We need civics and to be civil
Civic education and partisanship
I was in the grocery store the other day, and a man in front of me handed the cashier a hundred dollar bill (a “Benjamin”), while proclaiming that it bore the likeness of “my favorite president.” This in itself is an example of our nation’s lack of civic education. Some may look at this as a funny mistake, but these mistakes are becoming more common. The average American can’t distinguish the Declaration of Independence from the Bill of Rights, tell who the vice president or the speaker of the House is, or even identify their own local elected officials, yet most know the entire cast of Keeping Up With The Kardashians or the complete line-up of the New England Patriots.
We are today a house divided perhaps more than we were 154 years ago. (That would be 1865, the end of the Civil War, and the “house divided” is a reference to a speech Abraham Lincoln gave in 1858 in which he proclaimed, “A house divided against itself cannot stand.”) We allow special interests and hot button topics to sway our emotions so much that we are incapable of rational decisions. Rather than stepping back and observing before jumping to conclusions like enlightened individuals, we allow our short-sighted opinions to play judge and jury in nearly every situation.
America has a cancer in the form of partisan politics. It is a disease that we Americans were warned about by great men like George Washington and Thomas Jefferson (who, unlike Benjamin Franklin, actually were our presidents, the first and third, respectively). And now all that they advised us could and would happen, has happened and this cancer eats at the very skeleton of what is America. Because of this, we are in the midst of a cold civil war of sorts, between two parties who far from represent the struggles of every man, yet every man blindly takes up their causes. Rather than confidently and in unison make it known that despite our differences we are one America, we are content to be shown our bogeymen while being handed torches and pitchforks.
We were a nation of laws, morals and actions, and not just feelings. It is time that we remember that we the people are the government, before it is too late, unless it already is.
Christopher Jones, St. Petersburg
Imagine all of us as one
Coming together for a world without walls | Column, Nov. 3
Thanks very much to Duke professor Dirk Philipsen for his great column. I’m 80 years old now, but ever since I was a teenager I’ve thought wouldn’t it be wonderful if we were all just one? A global citizen! Equal rights! No more threat of war! All for one, one for all! I know, lot’s of luck with that dream. But one thing I’ve learned in all these years is that humans can solve any problem they set their hearts and minds to.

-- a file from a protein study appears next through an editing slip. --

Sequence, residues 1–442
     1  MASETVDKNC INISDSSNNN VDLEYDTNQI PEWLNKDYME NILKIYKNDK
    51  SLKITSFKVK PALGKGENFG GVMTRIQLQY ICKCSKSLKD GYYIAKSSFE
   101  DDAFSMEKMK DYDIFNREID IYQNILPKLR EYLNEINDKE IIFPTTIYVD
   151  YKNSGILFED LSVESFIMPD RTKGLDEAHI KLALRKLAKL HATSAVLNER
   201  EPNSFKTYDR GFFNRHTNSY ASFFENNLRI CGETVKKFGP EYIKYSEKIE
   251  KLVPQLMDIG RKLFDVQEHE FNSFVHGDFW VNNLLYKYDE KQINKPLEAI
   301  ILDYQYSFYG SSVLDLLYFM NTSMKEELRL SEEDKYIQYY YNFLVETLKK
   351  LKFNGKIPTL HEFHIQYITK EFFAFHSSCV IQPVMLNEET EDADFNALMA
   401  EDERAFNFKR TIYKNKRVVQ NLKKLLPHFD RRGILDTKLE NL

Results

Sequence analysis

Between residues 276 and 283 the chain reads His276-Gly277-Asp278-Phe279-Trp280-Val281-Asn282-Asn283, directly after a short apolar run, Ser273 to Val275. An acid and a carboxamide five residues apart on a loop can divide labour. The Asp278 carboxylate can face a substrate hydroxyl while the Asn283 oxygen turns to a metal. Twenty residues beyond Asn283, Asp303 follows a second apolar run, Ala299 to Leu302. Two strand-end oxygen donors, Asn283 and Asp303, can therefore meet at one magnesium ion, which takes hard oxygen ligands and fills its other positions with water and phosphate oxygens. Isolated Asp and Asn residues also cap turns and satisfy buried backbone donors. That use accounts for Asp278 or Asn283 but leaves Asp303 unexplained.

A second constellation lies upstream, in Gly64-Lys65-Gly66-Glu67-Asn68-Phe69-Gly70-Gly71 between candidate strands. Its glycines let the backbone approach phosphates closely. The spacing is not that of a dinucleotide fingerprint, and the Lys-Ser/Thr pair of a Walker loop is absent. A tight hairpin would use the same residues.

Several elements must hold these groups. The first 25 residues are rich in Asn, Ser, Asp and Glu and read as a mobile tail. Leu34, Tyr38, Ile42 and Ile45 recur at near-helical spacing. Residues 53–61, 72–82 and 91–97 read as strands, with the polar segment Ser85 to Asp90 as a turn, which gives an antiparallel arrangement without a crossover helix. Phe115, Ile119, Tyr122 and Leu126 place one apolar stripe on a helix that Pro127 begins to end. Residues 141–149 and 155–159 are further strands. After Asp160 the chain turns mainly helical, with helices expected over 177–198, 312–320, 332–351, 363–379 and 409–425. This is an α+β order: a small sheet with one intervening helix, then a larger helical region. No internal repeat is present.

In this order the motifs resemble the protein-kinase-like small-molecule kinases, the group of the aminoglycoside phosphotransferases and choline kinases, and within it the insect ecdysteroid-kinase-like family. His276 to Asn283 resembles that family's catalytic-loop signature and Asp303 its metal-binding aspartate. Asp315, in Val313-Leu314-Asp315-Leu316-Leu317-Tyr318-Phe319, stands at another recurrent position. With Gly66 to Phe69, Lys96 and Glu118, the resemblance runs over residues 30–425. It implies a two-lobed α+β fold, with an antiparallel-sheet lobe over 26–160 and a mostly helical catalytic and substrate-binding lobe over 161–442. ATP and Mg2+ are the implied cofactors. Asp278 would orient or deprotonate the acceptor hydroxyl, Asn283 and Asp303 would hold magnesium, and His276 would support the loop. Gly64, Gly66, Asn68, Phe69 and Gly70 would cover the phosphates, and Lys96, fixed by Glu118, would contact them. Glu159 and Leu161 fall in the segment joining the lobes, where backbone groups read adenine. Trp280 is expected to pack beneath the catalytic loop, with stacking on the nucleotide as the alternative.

David Anderson, St. Petersburg
A world needs walls
Coming together for a world without walls | Column, Nov. 3
I now understand, after reading the piece by Duke professor Dirk Philipsen, why our college graduates are becoming socialists. Philipsen wants a world without walls, where we share everything with everyone else, whether they have earned it our not. He doesn’t define who “we” are, but I’m assuming he means all of those people who have worked hard to earn their “wealth.” He lives in his bubble on the campus of Duke. He says, “Imagine, for a moment, a world without borders. Giving everyday people the same kinds of freedoms that money and capital and goods already possess, and the wealthy have long enjoyed. Legal and social protections for everyone.” I wonder which set of “elites” will provide those protections. The real world consists of many people who would welcome the opportunity to come to a country that has been successful and take what they want. I guess he is advocating no walls around private residences, no locks on cars or doors, no control over who comes into any country, which would end the need for passports. Many countries in this world are impoverished and have been for many centuries. No amount of aid seems to change that since the cultures do not change. I hope we don’t try to test his theories. America — as we know it to be a beacon for the rest of the world — will cease to exist.
Thomas Sheehan, Spring Hill
Think for yourself
Remember, we’re the United States | Letter, Oct. 31
As a parent of three grown children I fully agree with the writer of this letter. It addresses the matter of the different viewpoints we have as Americans and the many tendencies we have to exclude others. Much of our society is broken in that respect. As the letter points out, “The internet should not be allowed to be the primary source of one’s thought and character development process.” Tweeting to everyone else our immediate thoughts, on whatever passes through our minds, is just too much information. Folks need to revisit the art of pondering ideas and notions in their own minds and make more effective judgments of their thoughts and ideas. That goes directly to the top, to the current leader who should set a better example.
Everyone has a voice that wants to be heard, so cultivate your own thoughts and think more about what you have to say. We need to instill this in our children. As parents, it’s our job.
Bill Haisch, St. Petersburg
What would it take?
The impeachment inquiry
The question for all Republicans, especially leaders, is this: If it were proven to your own satisfaction beyond a doubt that the president did:
1. Ask a foreign power for assistance in an election campaign and
2. Did offer any enticements, threats or other encouragements to that end.
Would you consider that a violation of his office and worthy of censure, up to and including impeachment and a trial on those charges?
What would you say, Sen. Marco Rubio? Sen. Rick Scott?
Leonard Silva, Gulfport